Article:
Most comedy franchises wait until part three to do a Christmas movie: Vacation, Harold and Kumar, Friday. Only Ernest Saved Christmas right in his second movie, and that’s good company to be in. A Bad Moms Christmas is actually two sequel ideas in one. Meeting the Bad Moms’ moms could be its own sequel, and perhaps deserved its own focus, but remember at one time they were actually going to do Bad Dads. This is way better for society.
Like the original Bad Moms, there is such a positive message in A Bad Moms Christmas that the fairly generic comedy is good enough. What begins as “don’t make moms do everything for Christmas themselves” takes a backseat to individual familial conflicts, but those are valid too.
Amy’s (Mila Kunis) mother Ruth (Christine Baranski) insists all her elaborate (and expensive) Christmas plans are about giving joy to the kids but it’s all superficial. No one gets true joy from all those shenanigans. They are only distractions so Ruth never has to face having an actual emotional bond. It even extends to distracting the kids so much that they never end up confronting their own parents for ignoring their real needs. This is obvious, but don’t worry, it is stated explicitly by the end.
At one point Ruth claims all her festivities are to reassure her grandchildren after their parents divorced. No, it’s Ruth who’s uncomfortable with the divorce. This is her distraction. When Ruth calls Amy’s bluff, I admire Amy for not backing down. And I’m sorry if I don’t feel that the kids truly love their grandmother the one time they stick up for Ruth. Ruth gives them Xboxes and iPhones. She’s buying their affection, so fuck you entitled brats.
Kiki (Kristen Bell)’s mother Sandy (Cheryl Hines) is so needy she’s invading her daughter’s bedroom. Boundaries are valid, and even at her most valid, Kiki only asks Sandy to do one thing without her. Not do everything without her daughter, just find one thing. It’s good for Sandy too to have her own separate life.
Carla (Kathryn Hahn)’s mother Isis (Susan Sarandon) shows up unannounced to see what she can get. Carla actually wants her mother around more, so she’ll take whatever time she can have and enjoy getting in trouble together (although their schemes become criminal and less amusing on behalf of innocent victims.) Of the three Bad Moms, Carla actually has the healthiest attitude towards her mom. She knows she can’t count on her so she’s not pretending Isis can be something she’s not.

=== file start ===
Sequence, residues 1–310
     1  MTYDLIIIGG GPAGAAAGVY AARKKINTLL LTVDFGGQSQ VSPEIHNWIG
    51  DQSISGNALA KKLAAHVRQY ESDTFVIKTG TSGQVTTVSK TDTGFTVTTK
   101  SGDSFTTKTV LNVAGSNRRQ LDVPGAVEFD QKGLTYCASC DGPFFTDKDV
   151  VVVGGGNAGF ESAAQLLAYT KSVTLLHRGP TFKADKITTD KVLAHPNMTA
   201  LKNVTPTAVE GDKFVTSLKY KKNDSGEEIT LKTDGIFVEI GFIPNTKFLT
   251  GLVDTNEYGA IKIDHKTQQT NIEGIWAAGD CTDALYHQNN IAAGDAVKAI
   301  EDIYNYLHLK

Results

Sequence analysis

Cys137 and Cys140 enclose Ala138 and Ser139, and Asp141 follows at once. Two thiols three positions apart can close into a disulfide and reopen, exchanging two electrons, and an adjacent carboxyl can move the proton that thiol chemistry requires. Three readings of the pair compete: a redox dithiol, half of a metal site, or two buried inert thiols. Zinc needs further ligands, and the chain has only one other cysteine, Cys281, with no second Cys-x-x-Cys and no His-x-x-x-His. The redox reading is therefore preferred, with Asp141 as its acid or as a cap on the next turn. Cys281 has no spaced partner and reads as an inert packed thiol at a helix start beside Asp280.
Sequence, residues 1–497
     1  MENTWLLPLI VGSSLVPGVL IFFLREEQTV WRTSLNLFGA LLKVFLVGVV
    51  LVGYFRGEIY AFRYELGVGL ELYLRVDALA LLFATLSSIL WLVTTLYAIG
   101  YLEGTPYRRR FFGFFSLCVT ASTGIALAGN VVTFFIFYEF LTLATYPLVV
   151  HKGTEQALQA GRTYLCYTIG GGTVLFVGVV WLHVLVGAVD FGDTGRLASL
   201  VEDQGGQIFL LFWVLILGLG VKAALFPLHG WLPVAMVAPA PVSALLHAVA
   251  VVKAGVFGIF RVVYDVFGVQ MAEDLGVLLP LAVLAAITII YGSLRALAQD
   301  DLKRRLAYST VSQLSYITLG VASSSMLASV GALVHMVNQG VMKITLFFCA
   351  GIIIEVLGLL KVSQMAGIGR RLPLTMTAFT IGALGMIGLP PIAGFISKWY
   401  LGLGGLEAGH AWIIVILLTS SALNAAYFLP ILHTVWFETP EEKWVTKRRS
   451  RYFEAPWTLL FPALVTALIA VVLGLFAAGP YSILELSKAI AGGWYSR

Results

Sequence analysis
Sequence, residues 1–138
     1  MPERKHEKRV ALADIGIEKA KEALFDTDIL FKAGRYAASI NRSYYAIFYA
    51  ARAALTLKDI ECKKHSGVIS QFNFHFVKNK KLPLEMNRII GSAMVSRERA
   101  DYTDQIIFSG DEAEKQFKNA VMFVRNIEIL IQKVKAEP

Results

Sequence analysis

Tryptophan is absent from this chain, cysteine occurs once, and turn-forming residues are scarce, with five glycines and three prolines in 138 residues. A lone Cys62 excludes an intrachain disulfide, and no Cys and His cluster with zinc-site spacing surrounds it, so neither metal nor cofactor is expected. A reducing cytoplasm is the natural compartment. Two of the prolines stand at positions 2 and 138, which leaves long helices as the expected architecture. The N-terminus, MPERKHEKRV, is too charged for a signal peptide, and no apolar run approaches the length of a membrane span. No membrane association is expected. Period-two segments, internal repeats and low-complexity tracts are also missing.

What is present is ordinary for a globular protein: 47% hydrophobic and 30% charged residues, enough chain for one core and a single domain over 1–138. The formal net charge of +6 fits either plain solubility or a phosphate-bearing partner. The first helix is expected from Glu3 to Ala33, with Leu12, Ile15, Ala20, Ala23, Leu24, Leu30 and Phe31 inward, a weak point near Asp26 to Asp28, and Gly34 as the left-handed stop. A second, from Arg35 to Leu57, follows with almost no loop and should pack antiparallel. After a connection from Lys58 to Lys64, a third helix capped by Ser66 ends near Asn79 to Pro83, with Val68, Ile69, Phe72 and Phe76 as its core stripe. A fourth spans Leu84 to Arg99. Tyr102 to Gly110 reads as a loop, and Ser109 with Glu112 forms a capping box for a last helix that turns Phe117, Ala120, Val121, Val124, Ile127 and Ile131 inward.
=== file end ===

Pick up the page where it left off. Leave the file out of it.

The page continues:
Look, this isn’t deep but most audiences aren’t that in touch with their feelings. Most people just say, “That’s the way family is” and never speculate that it could be better. They need this. If a mainstream movie can make them think about the dysfunctional relationships they take for granted as “the way it is,” then good. If Santa lap dances and naughty gingerbread jokes are what get them to hear the message, I’m fine with that.
The casting could be more imaginative. At least switch some of the grandmothers around. Casting Baranski as the bitch, Sarandon as the wild child and Hines as the well-meaning helicopter mom are completely obvious. And the characters are only types, not full-bodied human beings: the bitch, the neurotic and the burden on her own daughter.
Unfortunately, pairing each Bad Mom off with her own mom separates the three original moms for much of the movie. They each have their own separate subplot and only meet for the occasional montage in a mall or at Skyzone. They could develop the connection between the three grandmothers more too. They only have two scenes of any substance together, aside from dinner table crowd scenes.
As a pure sequel to Bad Moms, it is nice to see a few characters again, although some of the original film’s antagonists deserve more than one scene. What about their moms? They could explain a lot. It’s nice that Amy and Jesse (Jay Hernandez) are still happy together, and Ruth’s racist assumptions alone should be enough to get her banned from visiting.
I mean, it’s no Girls Trip but the original Bad Moms was no Girls Trip. They don’t all have to be Girls Trip. How many dude bro franchises are there? Women can have more.